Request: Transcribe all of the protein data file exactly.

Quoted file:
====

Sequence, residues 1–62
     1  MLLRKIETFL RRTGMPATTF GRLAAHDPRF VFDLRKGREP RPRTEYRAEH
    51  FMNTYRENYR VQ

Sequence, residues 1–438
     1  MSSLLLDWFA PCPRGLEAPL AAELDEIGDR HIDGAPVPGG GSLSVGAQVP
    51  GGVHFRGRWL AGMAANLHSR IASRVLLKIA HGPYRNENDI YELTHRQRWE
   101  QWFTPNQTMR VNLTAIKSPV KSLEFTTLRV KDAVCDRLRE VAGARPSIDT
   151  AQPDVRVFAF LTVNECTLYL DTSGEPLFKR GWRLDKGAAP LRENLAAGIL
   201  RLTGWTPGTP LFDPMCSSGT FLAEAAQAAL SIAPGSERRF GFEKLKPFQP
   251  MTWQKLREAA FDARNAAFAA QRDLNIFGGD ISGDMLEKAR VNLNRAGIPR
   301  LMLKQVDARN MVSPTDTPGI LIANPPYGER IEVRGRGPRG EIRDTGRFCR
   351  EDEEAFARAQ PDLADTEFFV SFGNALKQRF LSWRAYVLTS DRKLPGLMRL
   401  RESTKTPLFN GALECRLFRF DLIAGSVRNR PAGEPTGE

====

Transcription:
Sequence, residues 1–62
     1  MLLRKIETFL RRTGMPATTF GRLAAHDPRF VFDLRKGREP RPRTEYRAEH
    51  FMNTYRENYR VQ

Sequence, residues 1–438
     1  MSSLLLDWFA PCPRGLEAPL AAELDEIGDR HIDGAPVPGG GSLSVGAQVP
    51  GGVHFRGRWL AGMAANLHSR IASRVLLKIA HGPYRNENDI YELTHRQRWE
   101  QWFTPNQTMR VNLTAIKSPV KSLEFTTLRV KDAVCDRLRE VAGARPSIDT
   151  AQPDVRVFAF LTVNECTLYL DTSGEPLFKR GWRLDKGAAP LRENLAAGIL
   201  RLTGWTPGTP LFDPMCSSGT FLAEAAQAAL SIAPGSERRF GFEKLKPFQP
   251  MTWQKLREAA FDARNAAFAA QRDLNIFGGD ISGDMLEKAR VNLNRAGIPR
   301  LMLKQVDARN MVSPTDTPGI LIANPPYGER IEVRGRGPRG EIRDTGRFCR
   351  EDEEAFARAQ PDLADTEFFV SFGNALKQRF LSWRAYVLTS DRKLPGLMRL
   401  RESTKTPLFN GALECRLFRF DLIAGSVRNR PAGEPTGE